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Part of a ZDNet Special Feature: 5G: What it means for IoT

What is the IoT? Everything you need to know about the Internet of Things right now

Updated: The Internet of Things explained. What the IoT is, and where it's going next.

5G: What it means for IoT

What is the Internet of Things?

The Internet of Things, or IoT, refers to the billions of physical devices around the world that are now connected to the internet, all collecting and sharing data. Thanks to the arrival of super-cheap computer chips and the ubiquity of wireless networks, it's possible to turn anything, from something as small as a pill to something as big as an aeroplane, into a part of the IoT. Connecting up all these different objects and adding sensors to them adds a level of digital intelligence to devices that would be otherwise dumb, enabling them to communicate real-time data without involving a human being. The Internet of Things is making the fabric of the world around us more smarter and more responsive, merging the digital and physical universes.


What is an example of an Internet of Things device?

Pretty much any physical object can be transformed into an IoT device if it can be connected to the internet to be controlled or communicate information.

A lightbulb that can be switched on using a smartphone app is an IoT device, as is a motion sensor or a smart thermostat in your office or a connected streetlight. An IoT device could be as fluffy as a child's toy or as serious as a driverless truck. Some larger objects may themselves be filled with many smaller IoT components, such as a jet engine that's now filled with thousands of sensors collecting and transmitting data back to make sure it is operating efficiently. At an even bigger scale, smart cities projects are filling entire regions with sensors to help us understand and control the environment. 

SEE: 5G: What it means for IoT (ZDNet/TechRepublic special feature) | Download the free PDF version (TechRepublic)

The term IoT is mainly used for devices that wouldn't usually be generally expected to have an internet connection, and that can communicate with the network independently of human action. For this reason, a PC isn't generally considered an IoT device and neither is a smartphone -- even though the latter is crammed with sensors. A smartwatch or a fitness band or other wearable device might be counted as an IoT device, however.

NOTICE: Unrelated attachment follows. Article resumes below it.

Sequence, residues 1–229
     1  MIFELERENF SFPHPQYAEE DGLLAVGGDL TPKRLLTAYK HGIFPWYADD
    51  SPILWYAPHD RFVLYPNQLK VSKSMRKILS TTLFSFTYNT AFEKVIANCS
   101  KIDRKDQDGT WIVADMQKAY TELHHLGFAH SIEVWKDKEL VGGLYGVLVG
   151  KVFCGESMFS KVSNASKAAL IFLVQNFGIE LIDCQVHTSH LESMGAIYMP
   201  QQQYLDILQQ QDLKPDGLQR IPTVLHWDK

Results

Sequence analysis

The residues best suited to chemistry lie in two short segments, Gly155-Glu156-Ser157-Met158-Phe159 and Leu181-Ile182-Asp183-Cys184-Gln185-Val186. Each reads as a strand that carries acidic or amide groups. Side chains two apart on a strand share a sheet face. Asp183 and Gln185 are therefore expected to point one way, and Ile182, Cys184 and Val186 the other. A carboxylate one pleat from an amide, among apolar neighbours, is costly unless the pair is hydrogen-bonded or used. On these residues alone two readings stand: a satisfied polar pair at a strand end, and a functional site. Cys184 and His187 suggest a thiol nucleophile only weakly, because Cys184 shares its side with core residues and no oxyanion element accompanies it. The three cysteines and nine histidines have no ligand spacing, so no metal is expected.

What is the history of the Internet of Things?

The idea of adding sensors and intelligence to basic objects was discussed throughout the 1980s and 1990s (and there are arguably some much earlier ancestors), but apart from some early projects -- including an internet-connected vending machine -- progress was slow simply because the technology wasn't ready. Chips were too big and bulky and there was no way for objects to communicate effectively.

Processors that were cheap and power-frugal enough to be all but disposable were needed before it finally became cost-effective to connect up billions of devices. The adoption of RFID tags -- low-power chips that can communicate wirelessly -- solved some of this issue, along with the increasing availability of broadband internet and cellular and wireless networking. The adoption of IPv6 -- which, among other things, should provide enough IP addresses for every device the world (or indeed this galaxy) is ever likely to need -- was also a necessary step for the IoT to scale. 

Kevin Ashton coined the phrase 'Internet of Things' in 1999, although it took at least another decade for the technology to catch up with the vision.

news-networking-iot-city-istock.png

"The IoT integrates the interconnectedness of human culture -- our 'things' -- with the interconnectedness of our digital information system -- 'the internet.' That's the IoT," Ashton told ZDNet.

Adding RFID tags to expensive pieces of equipment to help track their location was one of the first IoT applications. But since then, the cost of adding sensors and an internet connection to objects has continued to fall, and experts predict that this basic functionality could one day cost as little as 10 cents, making it possible to connect nearly everything to the internet.